That’s a good point (though I guess in three dimensions, at least, this issue does not come up since one has a unique smooth structure in this case).

I believe though that if one has smooth oriented structures on both manifolds, one can canonically define a connected sum in this category by arbitrarily choosing a smooth Riemannian metric on both manifolds, and identifying two very small balls in these metrics together using the exponential map (i.e. normal coordinates) for each (and some orientation-preserving orthogonal transformation between the tangent spaces of the centres of the balls), and then removing the interiors of these balls and smoothing things out a bit near the gluing boundary. The configuration space of all the choices one makes here is connected, and the operations are continuous, so I think that this operation is well defined up to smooth diffeomorphism, though I may have missed yet another subtlety here. (I can imagine that if one tries to identify two _large_ balls together, all bets are off.)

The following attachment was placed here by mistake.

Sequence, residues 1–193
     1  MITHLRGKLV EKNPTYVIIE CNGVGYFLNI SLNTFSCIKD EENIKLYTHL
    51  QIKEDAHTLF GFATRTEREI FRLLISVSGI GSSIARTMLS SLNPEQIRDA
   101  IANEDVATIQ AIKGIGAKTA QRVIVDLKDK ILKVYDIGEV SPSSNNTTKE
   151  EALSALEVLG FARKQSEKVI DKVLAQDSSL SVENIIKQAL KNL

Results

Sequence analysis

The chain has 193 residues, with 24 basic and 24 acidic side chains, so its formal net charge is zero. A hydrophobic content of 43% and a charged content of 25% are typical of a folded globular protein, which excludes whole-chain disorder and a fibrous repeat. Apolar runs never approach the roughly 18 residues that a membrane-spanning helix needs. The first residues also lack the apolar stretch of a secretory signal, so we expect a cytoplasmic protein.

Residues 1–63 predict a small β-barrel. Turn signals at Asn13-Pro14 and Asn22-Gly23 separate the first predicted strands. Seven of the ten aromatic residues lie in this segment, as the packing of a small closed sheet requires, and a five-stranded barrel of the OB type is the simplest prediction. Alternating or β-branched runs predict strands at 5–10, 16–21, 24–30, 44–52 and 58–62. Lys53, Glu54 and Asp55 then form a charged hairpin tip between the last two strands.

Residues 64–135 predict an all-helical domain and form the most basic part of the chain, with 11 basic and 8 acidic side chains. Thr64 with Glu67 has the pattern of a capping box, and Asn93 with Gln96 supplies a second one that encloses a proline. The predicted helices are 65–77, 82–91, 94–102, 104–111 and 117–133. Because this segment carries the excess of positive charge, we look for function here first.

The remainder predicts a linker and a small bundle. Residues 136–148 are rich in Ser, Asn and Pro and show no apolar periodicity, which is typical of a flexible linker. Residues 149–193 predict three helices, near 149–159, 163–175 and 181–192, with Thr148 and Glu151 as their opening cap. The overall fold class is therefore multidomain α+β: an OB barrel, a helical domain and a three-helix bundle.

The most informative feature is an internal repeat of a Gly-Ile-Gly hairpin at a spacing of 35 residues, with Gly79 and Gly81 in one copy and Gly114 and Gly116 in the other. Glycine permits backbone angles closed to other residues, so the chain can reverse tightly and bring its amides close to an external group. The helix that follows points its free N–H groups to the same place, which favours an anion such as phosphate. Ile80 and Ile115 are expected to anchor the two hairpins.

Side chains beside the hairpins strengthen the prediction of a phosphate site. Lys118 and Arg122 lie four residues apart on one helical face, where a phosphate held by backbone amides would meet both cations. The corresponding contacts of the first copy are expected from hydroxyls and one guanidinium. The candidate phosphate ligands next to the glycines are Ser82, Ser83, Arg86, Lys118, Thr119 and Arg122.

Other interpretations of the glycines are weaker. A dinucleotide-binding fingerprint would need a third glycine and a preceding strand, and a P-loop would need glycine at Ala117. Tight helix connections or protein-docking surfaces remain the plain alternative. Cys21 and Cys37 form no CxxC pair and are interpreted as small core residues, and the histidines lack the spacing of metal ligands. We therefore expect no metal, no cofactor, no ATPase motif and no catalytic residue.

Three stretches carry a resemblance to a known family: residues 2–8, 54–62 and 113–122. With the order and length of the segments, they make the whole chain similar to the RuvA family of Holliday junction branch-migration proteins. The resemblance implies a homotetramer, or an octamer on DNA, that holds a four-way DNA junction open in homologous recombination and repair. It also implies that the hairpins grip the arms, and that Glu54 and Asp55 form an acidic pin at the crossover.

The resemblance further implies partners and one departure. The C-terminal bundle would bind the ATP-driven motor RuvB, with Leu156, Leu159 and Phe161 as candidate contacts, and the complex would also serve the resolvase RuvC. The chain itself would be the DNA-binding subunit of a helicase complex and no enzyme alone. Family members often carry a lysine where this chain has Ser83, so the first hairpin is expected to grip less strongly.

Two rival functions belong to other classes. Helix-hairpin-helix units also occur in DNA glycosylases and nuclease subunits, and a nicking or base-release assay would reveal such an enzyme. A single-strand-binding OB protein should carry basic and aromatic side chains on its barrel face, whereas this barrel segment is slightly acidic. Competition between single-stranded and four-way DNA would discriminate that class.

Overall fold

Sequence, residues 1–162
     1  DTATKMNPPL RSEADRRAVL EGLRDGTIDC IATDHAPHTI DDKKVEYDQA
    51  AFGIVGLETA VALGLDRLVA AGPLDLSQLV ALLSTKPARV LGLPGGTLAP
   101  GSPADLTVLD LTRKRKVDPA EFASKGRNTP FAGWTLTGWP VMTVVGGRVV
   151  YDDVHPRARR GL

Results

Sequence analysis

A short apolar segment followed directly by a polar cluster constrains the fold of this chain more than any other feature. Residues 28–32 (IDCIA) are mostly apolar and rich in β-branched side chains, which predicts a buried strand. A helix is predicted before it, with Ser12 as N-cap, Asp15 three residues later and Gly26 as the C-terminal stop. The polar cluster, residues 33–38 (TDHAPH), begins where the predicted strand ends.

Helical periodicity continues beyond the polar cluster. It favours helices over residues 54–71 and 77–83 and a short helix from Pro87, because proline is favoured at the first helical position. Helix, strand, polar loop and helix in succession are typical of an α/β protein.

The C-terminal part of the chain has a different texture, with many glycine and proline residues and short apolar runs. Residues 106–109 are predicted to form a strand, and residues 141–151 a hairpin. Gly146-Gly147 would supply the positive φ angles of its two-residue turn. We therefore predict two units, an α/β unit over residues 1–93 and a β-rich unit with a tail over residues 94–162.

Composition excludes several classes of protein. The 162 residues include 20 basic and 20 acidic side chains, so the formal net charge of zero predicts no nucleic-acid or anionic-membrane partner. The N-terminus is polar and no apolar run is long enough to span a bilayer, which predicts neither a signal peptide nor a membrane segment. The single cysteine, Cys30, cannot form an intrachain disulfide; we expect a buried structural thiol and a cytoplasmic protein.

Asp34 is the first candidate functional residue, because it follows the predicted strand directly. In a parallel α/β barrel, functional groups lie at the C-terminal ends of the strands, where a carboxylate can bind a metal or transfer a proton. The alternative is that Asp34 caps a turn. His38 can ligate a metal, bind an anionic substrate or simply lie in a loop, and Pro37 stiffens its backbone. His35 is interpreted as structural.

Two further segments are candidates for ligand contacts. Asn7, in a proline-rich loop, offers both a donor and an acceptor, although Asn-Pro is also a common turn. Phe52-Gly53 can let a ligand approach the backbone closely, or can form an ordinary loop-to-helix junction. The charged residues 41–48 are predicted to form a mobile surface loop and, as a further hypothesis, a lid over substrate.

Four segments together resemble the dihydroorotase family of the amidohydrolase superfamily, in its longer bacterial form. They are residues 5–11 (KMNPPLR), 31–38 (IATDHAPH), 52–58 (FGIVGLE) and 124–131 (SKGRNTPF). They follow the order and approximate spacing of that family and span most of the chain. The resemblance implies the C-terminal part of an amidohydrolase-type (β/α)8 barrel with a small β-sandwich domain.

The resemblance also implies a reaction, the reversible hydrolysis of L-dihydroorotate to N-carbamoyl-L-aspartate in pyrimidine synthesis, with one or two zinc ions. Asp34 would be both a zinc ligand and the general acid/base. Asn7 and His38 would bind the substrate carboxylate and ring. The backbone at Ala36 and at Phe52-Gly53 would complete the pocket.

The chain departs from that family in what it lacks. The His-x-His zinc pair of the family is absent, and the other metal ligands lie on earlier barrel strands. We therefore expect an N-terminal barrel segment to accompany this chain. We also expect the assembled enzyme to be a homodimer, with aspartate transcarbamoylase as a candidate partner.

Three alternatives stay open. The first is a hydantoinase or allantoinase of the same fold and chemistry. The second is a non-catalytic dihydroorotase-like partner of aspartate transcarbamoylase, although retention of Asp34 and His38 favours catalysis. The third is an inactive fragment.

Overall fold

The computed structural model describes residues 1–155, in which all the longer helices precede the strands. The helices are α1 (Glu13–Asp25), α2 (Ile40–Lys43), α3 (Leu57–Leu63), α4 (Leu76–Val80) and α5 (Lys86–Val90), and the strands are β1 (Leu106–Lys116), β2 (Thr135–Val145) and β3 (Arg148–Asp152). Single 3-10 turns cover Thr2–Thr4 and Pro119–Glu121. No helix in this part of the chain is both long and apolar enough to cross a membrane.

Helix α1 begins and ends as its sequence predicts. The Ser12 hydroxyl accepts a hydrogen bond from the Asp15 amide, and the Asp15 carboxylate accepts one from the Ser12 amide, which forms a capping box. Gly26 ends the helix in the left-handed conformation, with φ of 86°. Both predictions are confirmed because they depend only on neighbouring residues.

]]>two n-spheres; in general the group of components of the diffeomorphisms of a sphere can be quite a large finite group. For example, the Milnor spheres in 7 dimensions can be obtained by gluing together two 7-balls using a non-standard diffeomorphism of their boundaries. I think there is a indeed a canonical way to take the connected sum of

manifolds, but I have a vague recollection that showing it is well defined requires some quite hard theorems such as the annulus conjecture (or rather theorem). ]]>